Debt Basics: Should I Consolidate My Debt?

Dragged down by debt? Take the right steps to become debt free.

3 minute read

Get Debt Help
Choose your debt amount

Should I consolidate my debt?

You may have heard a lot about debt consolidation recently and been wondering, "Should I consolidate my debt?" The answer is: it depends on the type of debt you have, your credit rating, and your ability to pay.

Should I consolidate my home loans?

This is another "it depends" question. If you have a mortgage and a home equity line of credit, it may not be to your advantage to consolidate. A line of credit improves your financial flexibility. On the other hand, if you have a mortgage and a home equity loan with a higher interest rate than those that are currently being offered, consolidating them into a new first mortgage with a mortgage refinance loan can reduce your total interest costs and also lower your monthly payments. However, factor in closing costs and refinance fees before consolidating. In some cases, refinancing will cost you more than you would save by consolidating.

Should I consolidate my student loans?

If you have more than one federal student loan or more than one private student loan, then consolidation is an excellent idea. Not only will it simplify your payments, but you may receive a discount for signing up for automatic payments. Although the consolidation will stretch out the term of the loan, there are no prepayment penalties, so you can continue to pay the same amount you did before the consolidation if you want to get the interest reduction and also pay the debt down quickly.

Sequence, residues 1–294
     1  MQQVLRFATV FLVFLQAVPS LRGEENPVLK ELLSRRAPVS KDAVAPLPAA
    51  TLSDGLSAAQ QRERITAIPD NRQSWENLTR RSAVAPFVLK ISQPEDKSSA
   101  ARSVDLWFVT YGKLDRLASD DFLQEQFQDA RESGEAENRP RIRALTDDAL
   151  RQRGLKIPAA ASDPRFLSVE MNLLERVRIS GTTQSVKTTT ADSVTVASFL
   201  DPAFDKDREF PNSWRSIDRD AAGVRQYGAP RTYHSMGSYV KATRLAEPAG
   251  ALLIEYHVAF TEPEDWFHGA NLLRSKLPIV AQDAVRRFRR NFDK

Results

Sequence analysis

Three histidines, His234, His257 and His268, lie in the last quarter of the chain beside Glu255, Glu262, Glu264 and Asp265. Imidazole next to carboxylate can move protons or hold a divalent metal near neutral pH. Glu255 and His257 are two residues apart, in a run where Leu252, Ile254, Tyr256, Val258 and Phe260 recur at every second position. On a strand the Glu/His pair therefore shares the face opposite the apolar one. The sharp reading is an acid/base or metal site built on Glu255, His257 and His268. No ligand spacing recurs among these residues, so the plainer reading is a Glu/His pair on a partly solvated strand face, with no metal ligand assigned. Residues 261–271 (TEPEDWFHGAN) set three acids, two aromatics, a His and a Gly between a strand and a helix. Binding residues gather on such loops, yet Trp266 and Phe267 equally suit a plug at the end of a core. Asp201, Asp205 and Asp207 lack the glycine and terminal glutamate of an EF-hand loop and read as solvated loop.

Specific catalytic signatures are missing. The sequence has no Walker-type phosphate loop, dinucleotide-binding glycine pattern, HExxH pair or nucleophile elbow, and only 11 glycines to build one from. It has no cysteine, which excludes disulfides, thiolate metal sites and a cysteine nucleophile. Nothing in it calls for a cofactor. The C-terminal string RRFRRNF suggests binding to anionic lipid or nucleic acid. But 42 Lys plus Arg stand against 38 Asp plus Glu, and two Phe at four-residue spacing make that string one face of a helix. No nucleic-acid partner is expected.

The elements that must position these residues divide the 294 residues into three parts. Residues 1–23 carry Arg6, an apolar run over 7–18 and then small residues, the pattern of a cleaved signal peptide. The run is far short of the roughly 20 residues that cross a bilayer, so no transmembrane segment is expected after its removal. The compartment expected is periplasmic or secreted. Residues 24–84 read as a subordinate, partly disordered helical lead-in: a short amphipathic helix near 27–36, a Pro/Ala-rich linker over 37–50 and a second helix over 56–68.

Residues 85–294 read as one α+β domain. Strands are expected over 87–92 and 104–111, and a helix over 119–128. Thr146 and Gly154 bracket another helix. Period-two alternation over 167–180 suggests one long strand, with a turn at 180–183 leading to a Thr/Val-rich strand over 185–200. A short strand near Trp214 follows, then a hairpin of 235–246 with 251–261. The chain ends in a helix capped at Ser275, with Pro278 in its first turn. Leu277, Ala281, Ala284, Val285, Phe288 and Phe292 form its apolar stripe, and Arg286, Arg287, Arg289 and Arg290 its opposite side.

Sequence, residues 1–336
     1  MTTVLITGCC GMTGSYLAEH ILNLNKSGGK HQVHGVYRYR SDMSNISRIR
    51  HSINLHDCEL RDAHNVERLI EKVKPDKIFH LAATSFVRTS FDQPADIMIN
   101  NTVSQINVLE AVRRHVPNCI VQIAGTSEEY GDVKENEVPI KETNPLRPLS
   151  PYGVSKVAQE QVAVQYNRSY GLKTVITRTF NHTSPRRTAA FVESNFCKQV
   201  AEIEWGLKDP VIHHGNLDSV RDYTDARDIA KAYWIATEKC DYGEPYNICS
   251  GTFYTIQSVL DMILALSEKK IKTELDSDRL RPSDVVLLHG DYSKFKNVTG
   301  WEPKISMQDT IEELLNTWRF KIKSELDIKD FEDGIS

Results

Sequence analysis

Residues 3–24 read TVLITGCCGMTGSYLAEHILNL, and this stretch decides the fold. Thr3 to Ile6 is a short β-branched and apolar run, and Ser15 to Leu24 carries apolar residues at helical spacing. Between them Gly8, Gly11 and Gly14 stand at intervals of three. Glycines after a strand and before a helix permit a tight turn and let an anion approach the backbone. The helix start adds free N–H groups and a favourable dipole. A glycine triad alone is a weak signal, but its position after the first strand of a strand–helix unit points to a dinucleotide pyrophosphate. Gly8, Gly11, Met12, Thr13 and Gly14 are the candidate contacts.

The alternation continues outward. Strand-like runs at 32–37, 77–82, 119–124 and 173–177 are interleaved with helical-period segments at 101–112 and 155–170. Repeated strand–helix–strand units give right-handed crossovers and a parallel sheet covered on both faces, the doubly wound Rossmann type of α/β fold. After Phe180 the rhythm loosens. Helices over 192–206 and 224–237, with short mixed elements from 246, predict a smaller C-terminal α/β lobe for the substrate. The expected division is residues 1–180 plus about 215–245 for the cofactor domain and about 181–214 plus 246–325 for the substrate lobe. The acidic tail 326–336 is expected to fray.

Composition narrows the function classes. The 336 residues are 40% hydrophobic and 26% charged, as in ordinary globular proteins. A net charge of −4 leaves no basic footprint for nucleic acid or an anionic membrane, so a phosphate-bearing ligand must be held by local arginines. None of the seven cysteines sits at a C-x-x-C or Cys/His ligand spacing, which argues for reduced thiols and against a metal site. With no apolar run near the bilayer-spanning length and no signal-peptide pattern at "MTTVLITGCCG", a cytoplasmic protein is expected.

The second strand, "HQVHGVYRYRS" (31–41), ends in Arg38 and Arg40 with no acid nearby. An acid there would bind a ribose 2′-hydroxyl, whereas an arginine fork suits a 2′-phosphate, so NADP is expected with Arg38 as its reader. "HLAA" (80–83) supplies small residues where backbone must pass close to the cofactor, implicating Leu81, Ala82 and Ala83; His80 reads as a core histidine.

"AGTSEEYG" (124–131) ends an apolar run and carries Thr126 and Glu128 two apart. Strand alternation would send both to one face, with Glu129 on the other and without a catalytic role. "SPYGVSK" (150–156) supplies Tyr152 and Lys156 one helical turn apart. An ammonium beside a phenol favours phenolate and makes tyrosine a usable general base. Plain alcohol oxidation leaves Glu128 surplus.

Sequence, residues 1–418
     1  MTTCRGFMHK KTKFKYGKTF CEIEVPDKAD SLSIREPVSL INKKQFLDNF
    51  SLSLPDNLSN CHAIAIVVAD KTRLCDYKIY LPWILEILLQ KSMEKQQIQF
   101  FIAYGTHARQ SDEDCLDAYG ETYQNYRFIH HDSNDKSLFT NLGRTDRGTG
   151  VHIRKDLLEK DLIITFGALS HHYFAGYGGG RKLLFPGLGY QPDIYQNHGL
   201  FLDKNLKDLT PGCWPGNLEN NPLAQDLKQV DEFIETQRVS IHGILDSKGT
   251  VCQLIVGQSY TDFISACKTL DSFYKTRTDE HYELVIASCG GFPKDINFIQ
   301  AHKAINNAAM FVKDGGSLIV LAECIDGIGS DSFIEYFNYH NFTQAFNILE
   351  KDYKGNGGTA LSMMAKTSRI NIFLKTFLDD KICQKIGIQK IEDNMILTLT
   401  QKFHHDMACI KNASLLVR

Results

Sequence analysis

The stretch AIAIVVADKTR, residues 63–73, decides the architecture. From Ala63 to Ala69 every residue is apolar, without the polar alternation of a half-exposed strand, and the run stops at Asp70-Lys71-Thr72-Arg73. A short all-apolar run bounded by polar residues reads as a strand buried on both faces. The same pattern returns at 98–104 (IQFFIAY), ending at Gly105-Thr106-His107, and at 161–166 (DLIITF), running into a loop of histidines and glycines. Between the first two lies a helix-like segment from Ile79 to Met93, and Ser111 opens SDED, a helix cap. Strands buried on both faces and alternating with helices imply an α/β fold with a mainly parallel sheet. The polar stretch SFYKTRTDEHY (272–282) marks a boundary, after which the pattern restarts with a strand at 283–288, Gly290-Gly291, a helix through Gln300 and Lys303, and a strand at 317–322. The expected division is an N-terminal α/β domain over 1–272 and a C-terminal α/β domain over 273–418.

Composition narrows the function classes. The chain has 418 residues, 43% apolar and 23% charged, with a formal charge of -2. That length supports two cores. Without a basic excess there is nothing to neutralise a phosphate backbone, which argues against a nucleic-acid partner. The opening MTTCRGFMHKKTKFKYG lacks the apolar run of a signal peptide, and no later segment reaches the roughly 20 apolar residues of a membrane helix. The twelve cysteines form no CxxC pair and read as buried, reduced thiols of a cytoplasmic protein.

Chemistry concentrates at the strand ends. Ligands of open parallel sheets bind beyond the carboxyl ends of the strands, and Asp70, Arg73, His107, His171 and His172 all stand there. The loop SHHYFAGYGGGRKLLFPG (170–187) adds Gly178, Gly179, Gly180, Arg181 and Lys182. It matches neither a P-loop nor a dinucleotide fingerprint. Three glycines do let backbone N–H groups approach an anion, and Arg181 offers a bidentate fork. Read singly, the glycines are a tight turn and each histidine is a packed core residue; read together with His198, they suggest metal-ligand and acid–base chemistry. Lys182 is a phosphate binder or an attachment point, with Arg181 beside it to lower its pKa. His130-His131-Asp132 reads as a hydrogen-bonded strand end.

There is one time when consolidation isn't an option, however. Spouses are no longer allowed to consolidate their student loans together. This preserves the ability to cancel one person's loans upon death or permanent disability, which is not possible when loans from two people are consolidated together.

Should I consolidate my credit card debt?

If you're carrying multiple credit card balances, it's almost always wise to consolidate them. You can opt for a home equity loan, which will drastically reduce the interest rate and probably get you a tax deduction. Be careful that you don't overborrow though, because you are risking your home by opting for a loan. You should also avoid creating new debt while paying down a home equity loan.

If you're not comfortable borrowing against your home to pay off credit card debt, then a balance transfer is the next best option. These offers usually have a very low interest rate for a limited time. Pay as much as possible toward the consolidated debt every month. If you have a 0% transfer for 12 months, then 100% of your payments will go toward the debt rather than the interest. For many people, this is a significant savings and allows them to finally get out of debt.

Finally, if you can pay off your credit cards in less than six months, then consolidating is probably not necessary. Although it may save you a few dollars in interest, the transfer fees may cancel out any savings.

If you're tired of receiving numerous bills and want to streamline your financial life or save money, then consolidation is usually a very good way to do both. Before you opt for consolidation, carefully consider the costs and benefits and then make the best choice for your situation.

1500 characters remaining